INSTEAD of capping prices of medicines, the government was urged to make bulk purchases of medicines to lower prices.
In a statement issued Friday, November 22, the Pharmaceutical Healthcare Association of the Philippines (PHAP) said it would be better for the Department of Health to procure the medicines and sell these to government hospitals.
"The DOH should consider making hospitals as a major outlet of medicines. We have been making medicines available to the government at very low prices through bulk procurement and we are committed to keep doing this," PHAP executive director Teodoro Padilla said.
"The government has been effective in implementing bulk procurement to bring down medicine prices. Bulk procurement and price negotiation with pharmaceutical companies are important provisions that must be maximized and expanded to lower medicine prices," he added.
Padilla noted that an anti-cholesterol tablet sells in a government hospital for only P0.35 but sells for as high as P71.55 in private hospitals and P33.75 in retail outlets.
A tablet for hypertension is sold for only P0.19 in a government hospital compared to P38.50 in pharmacies.
"The list could go on. Our point is that price reduction has been happening and the benefits could be expanded," Padilla said.
He said the government should consider this instead of relying on the maximum drug retail prices (MDRP) policy provided by the Cheaper Medicines Act of 2008, or Republic Act 9502).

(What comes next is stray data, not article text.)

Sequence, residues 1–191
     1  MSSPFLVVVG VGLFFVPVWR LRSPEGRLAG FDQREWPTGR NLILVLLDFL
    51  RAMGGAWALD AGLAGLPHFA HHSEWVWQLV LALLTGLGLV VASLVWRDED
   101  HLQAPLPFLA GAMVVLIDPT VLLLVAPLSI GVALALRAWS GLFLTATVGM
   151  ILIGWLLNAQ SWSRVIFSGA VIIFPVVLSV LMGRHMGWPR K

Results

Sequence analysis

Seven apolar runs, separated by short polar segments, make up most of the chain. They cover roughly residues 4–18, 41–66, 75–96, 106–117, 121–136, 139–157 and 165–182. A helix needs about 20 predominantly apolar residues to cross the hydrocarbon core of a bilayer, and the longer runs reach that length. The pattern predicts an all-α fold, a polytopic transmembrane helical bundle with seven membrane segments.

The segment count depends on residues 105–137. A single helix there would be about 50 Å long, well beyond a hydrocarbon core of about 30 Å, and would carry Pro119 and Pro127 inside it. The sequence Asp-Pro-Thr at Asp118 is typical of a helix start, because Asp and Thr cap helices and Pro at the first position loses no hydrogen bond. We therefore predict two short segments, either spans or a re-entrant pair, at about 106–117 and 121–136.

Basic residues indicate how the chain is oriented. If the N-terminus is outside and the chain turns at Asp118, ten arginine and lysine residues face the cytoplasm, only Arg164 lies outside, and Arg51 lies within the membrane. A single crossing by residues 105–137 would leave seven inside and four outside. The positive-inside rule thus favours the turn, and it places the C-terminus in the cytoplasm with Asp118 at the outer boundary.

"Price control shifts the burden of buying medicines back to the individual Filipino patients," said Padilla.
This was the second time that the PHAP brought up the proposal for the government to buy in bulk as it continued to oppose the plan of the DOH to impose the MDRP on at least 120 drugs used to treat leading diseases and catastrophic conditions in the Philippines.
The first was when PHAP said it would be better if pharmaceutical companies operating locally will just reduce their medicine prices substantially, while also providing holistic and comprehensive assistance to patients during the entire treatment, from diagnosis, to treatment, and to monitoring.
The DOH has already thumbed down the proposal saying it would be difficult for the government to simply rely on PHAP and its member-companies to reduce their drug prices but would not have control over hospitals, drugstores, and pharmacies on how they will be mark up their products. (HDT/SunStar Philippines)